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Jerusalem vs. Babylon

Upholding Biblical justice, avoiding separatism

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Jerusalem vs. Babylon
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My grandfather believed God inspired the Hebrew Bible. My father did also, until he majored in anthropology at Harvard just before World War II and came away writing in his senior thesis that the Hebrew Bible was the product of a small, insignificant tribe living on the fringes of Babylonian civilization and sharing ancient Middle East ethics. He thought Biblical history worth knowing because it was the history of his particular tribe, but over time his faith in God apparently diminished.

Too bad he could not read Jeremiah Unterman’s Justice for All: How the Jewish Bible Revolutionized Ethics (University of Nebraska, 2017). Unterman undermines the belief that the Old Testament relies on older testaments. Using not only Biblical evidence but Sumerian, Egyptian, Babylonian, Hittite, Ugaritic, and Assyrian sources, he spotlights the Bible’s ethical advances, including making morality more important than ritual and providing for widows, orphans, strangers, and the poor.

Christopher Wright’s Hearing the Message of Daniel: Sustaining Faith in Today’s World (Zondervan, 2017) provides a deeper sense of the distinction between Jerusalem and Babylon. The latter was like a beast of prey, but Daniel and his three friends nevertheless did not choose “pious separatism.” Instead, they were diligent during their “downright offensive and idolatrous” Babylonian education. They said yes to hard jobs but no to majority religious pressures.

Wright opposes separatism and says we “need to understand the culture we live in without sharing its belief system.” He praises these verses from Chapter 8—“I, Daniel, was worn out. I lay exhausted for several days. Then I got up and went about the king’s business”—and remarks, “back to the office the next day [to take care of] all the government responsibilities. The ordinariness of this response is astonishing.”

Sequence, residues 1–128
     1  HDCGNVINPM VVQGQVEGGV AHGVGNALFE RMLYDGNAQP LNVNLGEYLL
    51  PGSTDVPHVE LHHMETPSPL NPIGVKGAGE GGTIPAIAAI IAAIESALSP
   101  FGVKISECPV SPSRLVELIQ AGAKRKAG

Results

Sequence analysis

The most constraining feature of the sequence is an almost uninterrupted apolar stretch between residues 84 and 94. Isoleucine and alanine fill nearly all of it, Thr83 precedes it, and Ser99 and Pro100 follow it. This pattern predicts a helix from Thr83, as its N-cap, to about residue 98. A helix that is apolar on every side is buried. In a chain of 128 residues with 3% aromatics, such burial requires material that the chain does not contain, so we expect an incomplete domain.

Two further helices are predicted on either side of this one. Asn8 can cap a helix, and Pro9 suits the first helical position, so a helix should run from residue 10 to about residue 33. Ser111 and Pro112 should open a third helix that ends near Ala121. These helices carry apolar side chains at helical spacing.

David Schoenbrod’s DC Confidential (Encounter, 2017) shows how we’ve gone backward to Babylon. Schoenbrod’s subtitle, Inside the Five Tricks of Washington, lays out the gimmicks that allow current members of Congress to get undeserved credit: cutting taxes or increasing benefits regardless of long-term consequences, guaranteeing the debts of big businesses regardless of eventual bailout costs, creating unfunded mandates, passing regulations that others have to pay for, and avoiding responsibility for going to war.

Wesley Lowery’s They Can’t Kill Us All (Little, Brown, 2016) is a good book to read if you’ve only read conservative coverage of police shootings that pooh-poohs liberal concerns. Lowery, a young African-American reporter at The Washington Post, also reveals why liberal coverage has often been one-sided: Local reporters often have so many crimes to cover that they can’t delve into one, “but if any case can be connected to a large theme or narrative … then the attorneys for the family can often interest a national reporter.”

Conservatives should pay attention to three of those large themes: racial profiling, insensitivity, and police shooting unarmed black people. Liberals should pay attention to two others: the pressure on police making split-second decisions, and the increase of crimes against innocent African-Americans when police protect themselves by staying aloof.

Next, I’m dipping back a few years to recommend a book about dipping back a few centuries: Carl Trueman’s Histories and Fallacies (Crossway, 2010). Trueman critiques those who deny Nazi evil and those who blame Martin Luther for it: Luther welcomed Jews in the 1520s and attacked them in the 1540s, but reading back racism into his religious attack doesn’t recognize how the past is a foreign country. Trueman also shows the dangers of oversimplification, generalization, and post hoc, ergo propter hoc (since x follows y, y caused x).

Chapter 1 of Trueman’s The Creedal Imperative (Crossway, 2012) portrays accurately the cultural case against creeds and confessions, and the following five chapters knock it down: Confessions teach us church history, succinctly summarize the faith, relativize the present, maintain corporate unity, and more. All publications have worldviews, but some don’t acknowledge them: It’s the same with churches and creeds. —M.O.

Marvin Olasky

Marvin is the former editor in chief of WORLD, having retired in January 2022, and former dean of World Journalism Institute. He joined WORLD in 1992 and has been a university professor and provost. He has written more than 20 books, including Reforming Journalism.



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